Thank goodness, as a photographer, all I care about is the final image. If the Digital Picture's Image comparison tool is reasonably accurate, and the corners are indeed considerably better than the EF 17-40L and not too much worse than the EF 16-35L, then that is good enough for me.

Just curious, but to all those that are despairing about the auto-correction, do you not do any distortion correction in post-processing? Keystone or perspective corrections? Do you ever use the new image enlarging programs (such as GigaPixel) or comands in Photoshop or any other software? Those enlargement programs or commands create a great deal of new pixels, does that mean you won't use them? Or does doing the same thing the camera does on your computer make you forget all about your concerns?
 
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RexxReviews

EOS M6 Mark II
  • Sep 3, 2021
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    Wasn't the RF mount supposed to allow easier engineering of better designs without these optical weaknesses? Watching this review, the way the focus sounds like the original nifty fifty... It feels like they just slapped this together for lowest possible cost.

    Meanwhile, I'm kicking myself. Two years ago I had a chance to purchase a 24-70 F/4 for $550, and I thought... meh, that's kinda pricey. Now it's going for $1200 on ebay from reputable places. The 16-35 F/4 is also skyrocketing. Maybe supply disruptions are a part of this, but there's still so much demand in good EF lenses, and they're optically no worse than the RF versions. Is Canon leaving money on the table?
    What do you consider "sky rocketing"? I just picked up another 16-34 f4 about a month ago for around $700 in mint condition, new its still at the same retail price of around 1099. I have purchased many of this lens in the last few years as its what we use on our real estate training cameras and the only time I've seen them under $600 were usually very heavily used lenses and every blue moon a good shaped one that someone was selling far lower than they realized on FB marketplace.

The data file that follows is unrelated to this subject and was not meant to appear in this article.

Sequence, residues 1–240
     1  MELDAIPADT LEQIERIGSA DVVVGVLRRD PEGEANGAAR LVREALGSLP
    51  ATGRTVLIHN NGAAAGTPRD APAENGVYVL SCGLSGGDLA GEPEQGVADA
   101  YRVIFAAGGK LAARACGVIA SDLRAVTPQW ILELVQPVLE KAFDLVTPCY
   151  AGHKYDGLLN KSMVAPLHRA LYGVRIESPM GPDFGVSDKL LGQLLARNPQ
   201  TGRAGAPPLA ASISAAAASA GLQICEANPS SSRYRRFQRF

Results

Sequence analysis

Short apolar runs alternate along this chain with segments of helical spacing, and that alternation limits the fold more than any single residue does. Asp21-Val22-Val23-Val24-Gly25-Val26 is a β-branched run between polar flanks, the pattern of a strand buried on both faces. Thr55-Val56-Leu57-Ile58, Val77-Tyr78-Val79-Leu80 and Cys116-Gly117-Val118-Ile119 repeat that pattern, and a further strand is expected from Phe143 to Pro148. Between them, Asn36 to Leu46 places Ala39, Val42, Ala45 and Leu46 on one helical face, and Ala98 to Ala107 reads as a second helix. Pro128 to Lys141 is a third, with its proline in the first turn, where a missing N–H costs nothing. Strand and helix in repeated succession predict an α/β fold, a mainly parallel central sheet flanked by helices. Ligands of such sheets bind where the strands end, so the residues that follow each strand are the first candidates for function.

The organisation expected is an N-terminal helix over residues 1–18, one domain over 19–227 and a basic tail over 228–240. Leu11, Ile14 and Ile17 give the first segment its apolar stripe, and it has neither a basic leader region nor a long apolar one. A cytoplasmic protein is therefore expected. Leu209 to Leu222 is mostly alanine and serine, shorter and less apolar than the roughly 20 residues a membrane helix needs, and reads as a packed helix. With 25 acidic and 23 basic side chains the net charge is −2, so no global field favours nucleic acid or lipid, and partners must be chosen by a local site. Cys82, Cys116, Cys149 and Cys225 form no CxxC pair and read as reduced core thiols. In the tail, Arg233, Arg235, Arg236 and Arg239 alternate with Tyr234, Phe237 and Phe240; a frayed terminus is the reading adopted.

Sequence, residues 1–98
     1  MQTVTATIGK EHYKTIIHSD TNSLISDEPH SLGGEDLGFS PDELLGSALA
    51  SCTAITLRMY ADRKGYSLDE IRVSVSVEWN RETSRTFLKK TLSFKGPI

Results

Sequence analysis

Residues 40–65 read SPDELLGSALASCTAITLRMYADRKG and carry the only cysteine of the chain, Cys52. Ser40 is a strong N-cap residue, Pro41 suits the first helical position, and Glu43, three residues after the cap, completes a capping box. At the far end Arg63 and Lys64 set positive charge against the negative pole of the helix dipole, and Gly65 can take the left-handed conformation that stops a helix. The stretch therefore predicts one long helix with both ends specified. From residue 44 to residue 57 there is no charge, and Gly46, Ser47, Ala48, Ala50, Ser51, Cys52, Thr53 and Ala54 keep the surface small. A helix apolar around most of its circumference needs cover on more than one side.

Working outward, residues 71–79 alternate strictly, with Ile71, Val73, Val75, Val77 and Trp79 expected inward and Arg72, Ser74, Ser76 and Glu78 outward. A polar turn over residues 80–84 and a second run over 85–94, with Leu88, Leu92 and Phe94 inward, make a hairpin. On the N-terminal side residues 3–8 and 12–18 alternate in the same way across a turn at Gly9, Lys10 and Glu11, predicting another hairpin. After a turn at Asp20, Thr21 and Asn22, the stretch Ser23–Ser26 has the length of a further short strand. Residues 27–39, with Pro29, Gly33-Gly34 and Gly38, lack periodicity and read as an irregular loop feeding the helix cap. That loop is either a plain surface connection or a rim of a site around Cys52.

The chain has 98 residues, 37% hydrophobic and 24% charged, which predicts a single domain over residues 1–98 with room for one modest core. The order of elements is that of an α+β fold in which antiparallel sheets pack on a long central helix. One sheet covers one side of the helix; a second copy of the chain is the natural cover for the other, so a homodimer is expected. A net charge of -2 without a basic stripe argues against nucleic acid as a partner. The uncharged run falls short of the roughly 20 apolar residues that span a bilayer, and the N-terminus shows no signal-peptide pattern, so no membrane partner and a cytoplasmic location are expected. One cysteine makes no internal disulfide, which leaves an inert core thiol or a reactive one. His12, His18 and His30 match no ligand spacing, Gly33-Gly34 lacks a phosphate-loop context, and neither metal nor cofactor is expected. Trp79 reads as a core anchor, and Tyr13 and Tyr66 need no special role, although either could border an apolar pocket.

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    RexxReviews

    EOS M6 Mark II
  • Sep 3, 2021
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    Wow, that's even more being cropped out than previously reported.
    People are not taking in consideration that the lens is shooting much wider than 16mm so that the corrected version is at around 16mm. I have tested this against my 16-35 f4. The corrected RF16mm is even a tad wider than the 16mm of the 16-35
     
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    neuroanatomist

    I post too Much on Here!!
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    Jul 21, 2010
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    People are not taking in consideration that the lens is shooting much wider than 16mm so that the corrected version is at around 16mm. I have tested this against my 16-35 f4. The corrected RF16mm is even a tad wider than the 16mm of the 16-35
    But if the RF 16/2.8 is giving you a much lower MP image that is then being upscaled, to me that's a concern.
     
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    Frodo

    EOS RP
    Nov 3, 2012
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    Just curious, but to all those that are despairing about the auto-correction, do you not do any distortion correction in post-processing? Keystone or perspective corrections? Do you ever use the new image enlarging programs (such as GigaPixel) or comands in Photoshop or any other software? Those enlargement programs or commands create a great deal of new pixels, does that mean you won't use them? Or does doing the same thing the camera does on your computer make you forget all about your concerns?